The Lair of the White Worm (1988)

lair of the white worm poster 1988 movie
7.0 Overall Score
Story: 7/10
Acting: 7/10
Visuals: 8/10

Good concept

Poorly developed, cheap looking at points

Movie Info

Movie Name:  The Lair of the White Worm

Studio:  Vestron Pictures

Genre(s):  Horror

Release Date(s):  September 14, 1988

MPAA Rating:  R


Kiss, kiss!!!

The legend of the D’Ampton worm continues to live among the people of Derbyshire.  The descendant of the legendary slayer of the worm James D’Ampton (Hugh Grant) and his family are celebrated every year.  When an archaeologist named Angus Flint (Peter Capaldi) discovers evidence that the worm might be real, things begin to be happening.  A mysterious woman named Lady Sylvia Marsh (Amanda Donohoe) has moved into the nearby Temple House and Eve and Mary Trent (Catherine Oxenberg and Sammi Davis) whose parents disappeared might have been the first victims.  Now, Angus and Lord D’Ampton must stop the terror of the worm once and for all.


You could sell that snake venom!

Directed by Ken Russell, The Lair of the White Worm is an adaptation of the Bram Stoker story from 1911.  Both the story and the film are based on the legend of Lambton Worm which tells the story of a man slaying a worm which results in a curse.  The movie was met with so-so reviews but has since developed a cult following.

The Lair of the White Worm at points is very clever and at other points is quite weak.  The odd story is mixed with an even odder filming style that sometimes goes to an Andy Warhol type surreal world by those poisoned by the worm.


Give me a hug!!!

The story is infused with a lot of humor.  It is often difficult to consider this movie a horror movie despite some horrific scenes.  Be it the goofy worm toxin visions or the ha-ha ending (arthritis medication), the movie is often funnier than it is scary…which is odd since it was such a creepy serpent woman in Amanda Donohoe.

The movie has become known as one of Hugh Grant’s first film.  Despite being a horror film, Hugh continues play his same charming role despite the subject matter. Angus Flint plays the bagpiping Scot archeologist with comedy, and Eve Trent and Mary Trent are pretty weak as the sister co-stars.  The movie fortunately scores with Amanda Donohoe as the worm woman (allegedly Tilda Swinton was in the running at the time).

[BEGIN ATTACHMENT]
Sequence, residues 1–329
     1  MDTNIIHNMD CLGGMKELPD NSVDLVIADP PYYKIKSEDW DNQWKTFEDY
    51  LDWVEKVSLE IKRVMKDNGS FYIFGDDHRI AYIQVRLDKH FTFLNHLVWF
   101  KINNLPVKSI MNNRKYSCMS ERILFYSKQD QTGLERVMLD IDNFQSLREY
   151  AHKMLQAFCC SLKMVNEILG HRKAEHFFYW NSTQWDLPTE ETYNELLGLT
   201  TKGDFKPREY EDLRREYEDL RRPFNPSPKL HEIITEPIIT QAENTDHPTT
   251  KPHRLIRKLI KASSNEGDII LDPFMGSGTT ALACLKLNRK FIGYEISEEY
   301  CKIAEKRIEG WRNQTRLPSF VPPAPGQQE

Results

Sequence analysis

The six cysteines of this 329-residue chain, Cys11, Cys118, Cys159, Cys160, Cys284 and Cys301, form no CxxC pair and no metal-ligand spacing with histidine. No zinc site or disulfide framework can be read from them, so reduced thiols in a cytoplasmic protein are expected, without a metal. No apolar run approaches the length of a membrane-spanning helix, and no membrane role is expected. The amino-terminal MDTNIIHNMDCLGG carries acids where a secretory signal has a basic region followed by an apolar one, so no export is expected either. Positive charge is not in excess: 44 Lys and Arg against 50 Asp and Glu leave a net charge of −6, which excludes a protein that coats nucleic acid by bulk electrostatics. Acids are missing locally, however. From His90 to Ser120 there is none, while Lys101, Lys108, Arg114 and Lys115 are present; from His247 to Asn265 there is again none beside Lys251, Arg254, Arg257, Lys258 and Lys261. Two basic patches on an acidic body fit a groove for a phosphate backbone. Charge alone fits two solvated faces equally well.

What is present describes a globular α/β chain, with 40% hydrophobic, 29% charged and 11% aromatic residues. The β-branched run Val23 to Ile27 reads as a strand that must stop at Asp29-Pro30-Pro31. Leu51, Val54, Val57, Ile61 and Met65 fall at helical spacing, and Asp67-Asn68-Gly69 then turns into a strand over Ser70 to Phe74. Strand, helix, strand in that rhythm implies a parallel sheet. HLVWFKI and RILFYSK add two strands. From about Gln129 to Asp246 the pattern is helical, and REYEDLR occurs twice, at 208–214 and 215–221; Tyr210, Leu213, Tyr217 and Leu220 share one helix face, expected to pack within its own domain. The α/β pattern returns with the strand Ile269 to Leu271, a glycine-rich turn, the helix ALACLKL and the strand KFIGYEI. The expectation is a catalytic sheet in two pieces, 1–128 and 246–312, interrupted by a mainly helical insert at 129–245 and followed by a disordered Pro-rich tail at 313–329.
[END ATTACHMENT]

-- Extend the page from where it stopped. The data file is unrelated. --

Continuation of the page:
Damn…A giant white snake thing…

Visually the movie has an almost Hammer like quality to it.  The sets and design look rather cheap (the ending sequence with the worm in the hole is awful).  The visuals are livened up by really bizarre fantasy sequences which depict the crucifixion and other psychedelic imagery.  Unfortunately, time has not been kind to The Lair of the White Worm in that it looks like an ’80s movie in style.

The Lair of the White Worm pops up on occasion on some “best of” lists.  Russell’s horror film in this period did well on video, and The Lair of the White Worm was no exception.  It is worth checking out as an oddity of the ’80s and a different feeling horror film.

Author: JPRoscoe View all posts by
Follow me on Twitter/Instagram/Letterboxd @JPRoscoe76! Loves all things pop-culture especially if it has a bit of a counter-culture twist. Plays video games (basically from the start when a neighbor brought home an Atari 2600), comic loving (for almost 30 years), and a true critic of movies. Enjoys the art house but also isn't afraid to let in one or two popular movies at the same time.

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